- Gordon G. Gallup, Jr., James R. Anderson, and Daniel J. Shillito (2002). The Mirror Test. In Marc Bekoff, Colin Allen and Gordon M. Burhgardt (Eds.) The Cognitive Animal: Empirical and Theoretical Perspectives on Animal Cognition. MIT Press.
- [Required] Gallup, Jr., Povinelli (1998). Can Animals Empathize? Scientific American - Exploring Intelligence. http://www.hku.hk/local/philodep/jl/AnimalEmpathy.pdf
- Reiss D, Marino L. (2001). Mirror self-recognition in the bottlenose dolphin: a case of cognitive convergence. Proc Natl Acad Sci. May 8;98(10):5937-42. doi:10.1073/pnas.101086398 movies
- Plotnik JM, de Waal FB, Reiss D. 2006. Self-recognition in an Asian elephant. Proc Natl Acad Sci. doi:10.1073/pnas.0608062103
- Definitions - self-consciousness, phenomenal consciousness and other concepts of consciousness.
- The mark test / mirror test as a test for self-consciousness.
- Methodological issues regarding the mark test.
The mirror test
@ ... Gallup's (1970) suggestion that self-recognition might be limited to the great apes has held up well. Numerous studies have confirmed self-recognition in chimpanzees and there is now information regarding the importance of early social experience (Gallup et al. 1971), along with data on developmental trends and individual differences (Lin et al. 1992; Povinelli et al. 1993). What about other species of great apes? Self-recognition in orangutans is well established (Suarez and Gallup 1981), and several individuals in two captive groups of bonobos have shown mirror-mediated self-exploration (Hyatt and Hopkins 1994; Walraven et al. 1995) indicative of self-recognition. On the other hand, most studies have failed to find convincing evidence in gorillas, in spite of modifications to the original mirror and mark test procedure (Suarez and Gallup 1981; Shillito et al. 1999). There is one claim of positive evidence for a gorilla (Patterson and Cohn 1994) which has had extensive contact with humans from an early age. It has been hypothesized that under normal circumstances the capacity for self-recognition may not develop in gorillas, but that enculturation in the form of early and extensive rearing by humans may result in the formation of critical neural connections required for the expression of this capacity. @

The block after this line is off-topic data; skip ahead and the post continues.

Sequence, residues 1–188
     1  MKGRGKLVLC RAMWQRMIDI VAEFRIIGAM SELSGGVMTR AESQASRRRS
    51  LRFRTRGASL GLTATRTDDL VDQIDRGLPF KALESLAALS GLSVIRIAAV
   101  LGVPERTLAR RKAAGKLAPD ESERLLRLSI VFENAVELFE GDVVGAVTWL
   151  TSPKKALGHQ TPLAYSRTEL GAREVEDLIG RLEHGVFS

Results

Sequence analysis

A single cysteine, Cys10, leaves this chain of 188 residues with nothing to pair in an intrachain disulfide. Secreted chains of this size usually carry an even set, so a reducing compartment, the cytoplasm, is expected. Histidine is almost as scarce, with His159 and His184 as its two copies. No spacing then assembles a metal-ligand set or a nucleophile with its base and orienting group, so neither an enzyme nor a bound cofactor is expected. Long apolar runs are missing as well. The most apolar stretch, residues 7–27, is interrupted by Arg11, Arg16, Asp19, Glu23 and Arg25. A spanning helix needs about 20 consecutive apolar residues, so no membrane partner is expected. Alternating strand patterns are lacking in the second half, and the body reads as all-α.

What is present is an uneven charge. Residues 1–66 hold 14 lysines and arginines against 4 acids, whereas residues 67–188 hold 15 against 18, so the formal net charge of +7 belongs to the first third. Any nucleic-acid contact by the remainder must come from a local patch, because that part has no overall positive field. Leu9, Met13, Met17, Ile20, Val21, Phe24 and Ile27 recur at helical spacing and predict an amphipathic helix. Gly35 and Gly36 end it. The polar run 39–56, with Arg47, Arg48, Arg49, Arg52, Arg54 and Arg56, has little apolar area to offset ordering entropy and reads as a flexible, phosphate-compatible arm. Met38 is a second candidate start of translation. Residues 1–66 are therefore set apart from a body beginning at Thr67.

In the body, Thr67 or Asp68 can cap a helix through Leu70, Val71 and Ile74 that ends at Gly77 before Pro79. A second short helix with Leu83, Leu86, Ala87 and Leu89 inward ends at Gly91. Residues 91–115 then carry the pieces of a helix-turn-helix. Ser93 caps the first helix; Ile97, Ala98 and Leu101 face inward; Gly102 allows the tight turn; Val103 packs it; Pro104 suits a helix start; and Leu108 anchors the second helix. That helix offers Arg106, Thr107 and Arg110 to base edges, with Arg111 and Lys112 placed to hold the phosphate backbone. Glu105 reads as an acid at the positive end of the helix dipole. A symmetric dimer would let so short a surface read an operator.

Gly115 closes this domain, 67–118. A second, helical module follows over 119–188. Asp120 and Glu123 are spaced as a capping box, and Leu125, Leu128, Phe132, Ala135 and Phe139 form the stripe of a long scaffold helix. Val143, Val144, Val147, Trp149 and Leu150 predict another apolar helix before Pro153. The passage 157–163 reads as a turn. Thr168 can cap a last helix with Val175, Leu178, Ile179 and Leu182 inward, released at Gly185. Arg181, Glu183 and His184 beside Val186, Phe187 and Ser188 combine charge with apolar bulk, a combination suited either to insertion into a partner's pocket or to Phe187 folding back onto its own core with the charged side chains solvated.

Although one specific laboratory gorilla, Koko, has passed the test, gorillas usually fail the test. But this is probably because gorillas consider eye contact an aggressive gesture and normally try to avoid looking each other in the face.
- First devised by Gordon Gallup in 1970s.
- Primates : humans, apes, monkeys, and prosimians (lower primates)
- Pass : Great apes except gorillas (e.g. chimps, orangutans, bonobos)
- Pass : Humans by 18 months.
- Pass? : Reiss & Marino (2001) http://www.pnas.org/cgi/content/full/101086398/DC1/1 Bottleneck dolphins
- Pass (2006) Elephant.
- Fail : Monkeys, fish, dogs, cats, parrots
- Alternative explanations of failure : Previous exposure to mirrors, attention, motivation, aversion to eye-to-eye contact, poor problem-solving skills
- How to eliminate these possibilities?
- Thoughts about oneself = thoughts of the form "I am F"
- Having such thoughts imply having a concept of the self. But it says nothing about the range of properties that can be ascribed to oneself.
- An animal has a theory of mind (TOM) = being able to make use of psychological concepts and principles in explaining and predicting behavior.
- Role of TOM : cooperation, empathy, deception, altruism.
- Mirror self-recognition and theory of mind
You should be able to answer these questions:
On Gallup's article
- What's wrong with the argument in the first paragraph?
- What is the mirror test? What count as passing / failure? Which species consistently pass the mirror test?
- The rhesus monkeys can know from watching the mirror that Gallup entered the room. Does this show that they mirrors display reflections?
- Why are pairs of mirrors used in the case of Gorillas? What hypothesis is this setup supposed to rule out?
- From the information in the article, which part of the brain might be involved in self-recognition?
On Povinelli's article
- Consider the experiment with live and delayed video. Is there a way to explain the results without saying that 2 and 3 year olds do not have a concept of the self?
- Someone has suggested that although chimps can pass the mirror-test, they do not think "that's me with the spot" when they see the mirror. Rather, they think something like "that animal has a spot, maybe I have one too.". If this explanation is correct, does it show that chimps can pass the test without a concept of the self?
- Which example about a chimpanzee is used by Gallup to criticize Povinelli?
- If you have to sum up the main theme of Povinelli's article in one single sentence, what would you say?